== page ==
- Category: Reviews
- Written by Steven Carter
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In I Shall Remain, zombies have taken over the world, as they tend to do, and you're in control of a small pocket of human resistance. Your character (at least in the prologue) is Captain C.J. Hodges, and you and your four followers are out on reconnaissance. The operation goes badly -- the convoy you're supposed to meet with gets wiped out, the hospital you're supposed to defend gets overrun, and so forth -- and you end up having to wander around some post-apocalyptic-looking city streets while defeating hordes of zombies.
I Shall Remain looks like it's going to be an action role-playing game. Your character gets a handful of attributes (including strength and intelligence) and a handful of skills (including rifles and explosives), and you gain experience and levels as you complete quests and kill zombies. You also acquire special "doctrines" as you play, and these act as passive bonuses for your character. The first doctrine you receive is for "runner's form" which increases your movement speed by 10%.
There is a variety of equipment in the game, including guns, grenades, bazookas, and melee weapons, but no armor. Some weapons have a higher rank and thus deal extra damage, and you can spot them because (as is always the case) their name appears in a different color -- blue for uncommon and yellow for rare. There are also health packs (for restoring health) and water bottles (for restoring stamina), and all items can be shared amongst your followers, who can be given simple commands like "attack," "defend," and "regroup."
Your character can also earn achievements. These achievements count the number of times your team does certain things, and then as you pass increasing thresholds you receive passive bonuses. So if you kill enough "Nazi" zombies, for example, then you get a damage bonus against them. Unfortunately, if the achievements page is to be believed, then there are only eight types of zombies total, and other than one extremely large fellow, they all sort of blend together.
In other words, I Shall Remain has all of the components you'd expect to see in an action role-playing game. The problem is that everything is sort of basic and low rent. This is fine for a free prologue, but it's not exactly a selling point for the rest of the game, which will presumably cost money.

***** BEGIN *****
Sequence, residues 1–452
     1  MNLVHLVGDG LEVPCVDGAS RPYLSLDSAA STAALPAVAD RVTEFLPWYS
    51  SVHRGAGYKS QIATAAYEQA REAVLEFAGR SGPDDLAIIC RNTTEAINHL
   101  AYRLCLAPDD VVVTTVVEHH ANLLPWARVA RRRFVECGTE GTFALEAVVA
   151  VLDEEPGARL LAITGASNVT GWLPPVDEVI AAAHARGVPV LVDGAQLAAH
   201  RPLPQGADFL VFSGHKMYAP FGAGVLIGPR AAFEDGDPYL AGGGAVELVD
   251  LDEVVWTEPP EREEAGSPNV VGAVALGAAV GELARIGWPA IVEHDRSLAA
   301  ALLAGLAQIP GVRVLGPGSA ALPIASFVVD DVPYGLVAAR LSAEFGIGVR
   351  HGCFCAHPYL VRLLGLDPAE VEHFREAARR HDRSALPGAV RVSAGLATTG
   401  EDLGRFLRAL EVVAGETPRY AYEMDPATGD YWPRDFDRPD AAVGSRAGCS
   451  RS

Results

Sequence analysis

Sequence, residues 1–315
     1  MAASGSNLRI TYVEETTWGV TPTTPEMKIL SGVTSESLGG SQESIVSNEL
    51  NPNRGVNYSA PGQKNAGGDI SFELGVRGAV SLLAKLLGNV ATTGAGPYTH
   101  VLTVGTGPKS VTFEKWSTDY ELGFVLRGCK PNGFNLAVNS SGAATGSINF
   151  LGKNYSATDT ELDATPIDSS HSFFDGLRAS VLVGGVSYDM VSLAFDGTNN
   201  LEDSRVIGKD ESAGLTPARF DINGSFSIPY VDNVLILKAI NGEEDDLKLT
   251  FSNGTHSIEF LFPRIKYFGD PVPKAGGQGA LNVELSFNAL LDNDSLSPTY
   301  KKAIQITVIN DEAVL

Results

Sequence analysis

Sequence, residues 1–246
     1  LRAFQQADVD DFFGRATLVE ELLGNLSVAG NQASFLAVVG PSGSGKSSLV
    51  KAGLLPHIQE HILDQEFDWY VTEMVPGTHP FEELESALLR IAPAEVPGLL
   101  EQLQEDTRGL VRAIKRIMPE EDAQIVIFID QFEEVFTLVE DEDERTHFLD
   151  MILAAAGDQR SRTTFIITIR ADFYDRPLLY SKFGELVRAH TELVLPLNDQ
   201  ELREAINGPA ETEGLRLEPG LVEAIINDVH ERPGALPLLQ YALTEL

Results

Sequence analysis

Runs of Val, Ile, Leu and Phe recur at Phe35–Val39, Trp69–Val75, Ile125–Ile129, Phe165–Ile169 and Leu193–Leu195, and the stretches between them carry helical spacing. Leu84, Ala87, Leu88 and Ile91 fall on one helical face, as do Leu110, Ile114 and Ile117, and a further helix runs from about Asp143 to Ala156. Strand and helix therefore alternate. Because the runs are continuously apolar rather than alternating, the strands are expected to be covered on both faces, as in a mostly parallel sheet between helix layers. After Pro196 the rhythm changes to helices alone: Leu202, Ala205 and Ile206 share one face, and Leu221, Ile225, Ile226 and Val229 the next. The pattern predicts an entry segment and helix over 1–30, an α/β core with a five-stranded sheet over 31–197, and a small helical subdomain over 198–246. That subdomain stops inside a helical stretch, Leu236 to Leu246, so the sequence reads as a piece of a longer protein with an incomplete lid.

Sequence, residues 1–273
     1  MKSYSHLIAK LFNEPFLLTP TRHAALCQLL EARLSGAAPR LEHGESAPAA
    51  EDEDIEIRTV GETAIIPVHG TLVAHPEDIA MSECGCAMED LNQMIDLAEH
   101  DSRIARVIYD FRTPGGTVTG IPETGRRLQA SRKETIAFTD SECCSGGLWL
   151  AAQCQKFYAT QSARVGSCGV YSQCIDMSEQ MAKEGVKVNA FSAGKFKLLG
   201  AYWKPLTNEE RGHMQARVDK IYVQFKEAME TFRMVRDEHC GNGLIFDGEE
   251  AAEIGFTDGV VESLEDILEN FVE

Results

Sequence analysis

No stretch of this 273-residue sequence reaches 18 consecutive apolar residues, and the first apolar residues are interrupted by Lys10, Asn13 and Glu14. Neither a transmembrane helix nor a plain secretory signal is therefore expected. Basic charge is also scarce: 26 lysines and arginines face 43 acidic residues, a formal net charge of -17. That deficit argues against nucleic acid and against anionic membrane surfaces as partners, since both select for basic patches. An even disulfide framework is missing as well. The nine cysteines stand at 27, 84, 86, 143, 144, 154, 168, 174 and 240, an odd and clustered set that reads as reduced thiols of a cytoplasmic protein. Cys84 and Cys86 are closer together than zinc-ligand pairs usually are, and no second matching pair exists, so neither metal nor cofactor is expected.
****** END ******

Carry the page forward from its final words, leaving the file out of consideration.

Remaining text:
Consider the graphics. The game uses an overhead view, but the environment is murky, and it's tough to tell what’s going on and where your character is allowed to go (a map screen will probably help with this, but for some reason the map option isn't available in the prologue). The zombies also don't look particularly good -- at least so far as I could tell given the camera's vantage point and the nighttime setting. Annoyingly, your character gets a flashlight, but it requires batteries (which appear to be random drops), and I ended up playing half the mission in the dark. The animations are also subpar, and characters often get stuck on even the smallest pieces of debris.
There are other issues as well. Your character requires ammunition, but your followers don't. It isn't possible to wound your allies with friendly fire so you can spray bullets and flames everywhere. There isn't any way to save your game (at least in the prologue). There are a ton of typos in the game and the info sheet that comes with it (including "greanades" that you can "scavange"). Every drop is random, and your success or failure depends way too much on how lucky you are (I had to play the prologue three times before I completed it). And zombies spawn infinitely, so you have to rush through the mission. None of these problems are major, and they can all be fixed, but it's telling that they all exist in the game's first release.
Last week I praised indie developers because they seem to have more freedom when it comes to creating unique and interesting games, but there's also a drawback to them in that you don't always know what sort of quality you're going to get. I Shall Remain rests squarely at the low end of the quality spectrum. It's not unplayable, but it's not something I'd want to pay for in its current form, either, and I wouldn't recommend that anybody rush out and download the 1GB prologue. Maybe at some point the game will get cleaned up enough to be worthwhile, but right now it's a tough sell.